HOUSTON (Reuters) - U.S. shale producers on Monday rushed to deepen spending cuts and could reduce future production as oil prices tumbled after OPEC’s decision to pump full bore into a global market hit by shrinking demand due to the coronavirus outbreak.
Crude futures fell 20% on Monday, the largest one-day slide since the 1991 Gulf War, after the Organization of the Petroleum Exporting Countries and allies failed to agree on new output cuts and let production curbs lapse this month. [O/R]
For the last three years, OPEC and its allies, chiefly Russia, have cut supply to support prices, leaving the door open for U.S. shale producers to boost production and capture market share. The United States is now the largest oil producer in the world, pumping out nearly 13 million barrels per day (bpd), but the companies operating in fields in Texas, New Mexico and other states have struggled to make enough money to satisfy investors.
Even before the OPEC deal collapse, those companies were already pulling back on capital expenditures and aiming for flat to modest production gains, and that activity will accelerate.
“You’re going to see activity grind to a stop. At this level, this is survival: for some companies, they’ll be gasping for oxygen,” said Dan Yergin, vice chairman of IHS Markit.
Shale companies need prices at least in the low $40s per barrel to cover direct costs, said Ian Nieboer, a managing director at consultant Enverus. If U.S. prices remain at a low-$30-a-barrel range, “it starts to look more lethal,” he said.
U.S. crude futures CLc1 were down more than $8 a barrel at about $33 a barrel on Monday, after hitting a four-year low, sending debt and equity prices sharply lower.
Producers with high debt loads were hit hard in the stock market, such as Apache Corp APA.N falling nearly 54% and Occidental Petroleum Corp OXY.N down 52%. Occidental bought Anadarko Petroleum last year for $38 billion, and Monday's declines sank its market value to $11.2 billion.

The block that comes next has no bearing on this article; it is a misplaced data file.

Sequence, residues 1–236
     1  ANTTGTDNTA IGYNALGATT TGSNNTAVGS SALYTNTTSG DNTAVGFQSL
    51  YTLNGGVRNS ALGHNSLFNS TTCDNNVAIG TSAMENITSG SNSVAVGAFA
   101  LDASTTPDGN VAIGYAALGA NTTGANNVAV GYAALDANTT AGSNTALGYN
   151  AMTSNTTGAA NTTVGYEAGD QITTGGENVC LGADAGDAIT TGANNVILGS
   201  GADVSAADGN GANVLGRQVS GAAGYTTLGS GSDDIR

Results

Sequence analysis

Diamondback Energy Inc FANG.O and Parsley Energy Inc PE.N, two of the largest shale independents, said they slashed drilling and well completions to maintain cash flow above ongoing expenses. Parsley said it would cut its drilling rigs to 12 from 15 as soon as possible. The cuts reflect a wave of reductions underway elsewhere, said analysts.
Diamondback said it released a third of the crews completing new wells, planned to cut three drilling rigs this quarter, and would reduce its 2020 spending budget by an undisclosed amount.
The lower activity will remain “until we see clear signs of commodity price recovery,” said Diamondback Chief Executive Travis Stice. “We will maintain positive cash flow and protect our balance sheet and dividend,” he said.
The U.S. government recently forecast domestic production would rise 1 million barrels per day to more than 13 million bpd. But in light of reduced demand and OPEC’s higher output, oil production growth “will be roughly zero” compared with 2019, estimated Paul Mecray, managing director for Tower Bridge Advisors.
Reduced global demand means the call on U.S. shale will fall 2 million-3 million bpd, said Paul Sankey, a researcher at investment firm Mizuho Americas. That would imply an additional 20% reduction in oil companies’ spending this year, he wrote.
The weekend decision to pump full bore is “analogous to what OPEC did around 2014,” said Brock Hudson, managing director at investment bankers Carl Marks Advisors. That effort - designed to keep OPEC’s market share against rising U.S. shale output - ultimately failed and OPEC later set production curbs.
But this time, shale is lacking support from investors who four years ago bought their debt, financed reorganizations and kept shale producing. This time, U.S. producers are “going to be suspending completions and things like that” to keep producing, said Hudson.
Companies likely will halt well completions at a pace that could lead U.S. production to decline by 1 million bpd by the end of summer, said Richard Spears, vice president of oilfield consultancy Spears & Associates.
The ripple effect will hurt already hard-hit oilfield services firms. Scandrill Inc expects to cut about 22 workers assigned to one rig after a customer on Friday decided to pull back on new drilling, said Senior Vice President Paul Mosvold.
“Private equity-backed (oil companies) are going to pull back fairly dramatically on the rig count – which is the canary in the coal mine,” Mosvold said.
The drop in oil prices could benefit natural gas producers by reducing the volume of gas sold at below-market prices by oil producers, said Chris Kalnin, CEO of Kalnin Ventures, which operates shale wells in the eastern United States.
Reporting by Jennifer Hiller in Houston, Liz Hampton in Denver and Jessica Resnick-Ault in New York; Writing by Gary McWilliams; Editing by Marguerita Choy and Richard Chang
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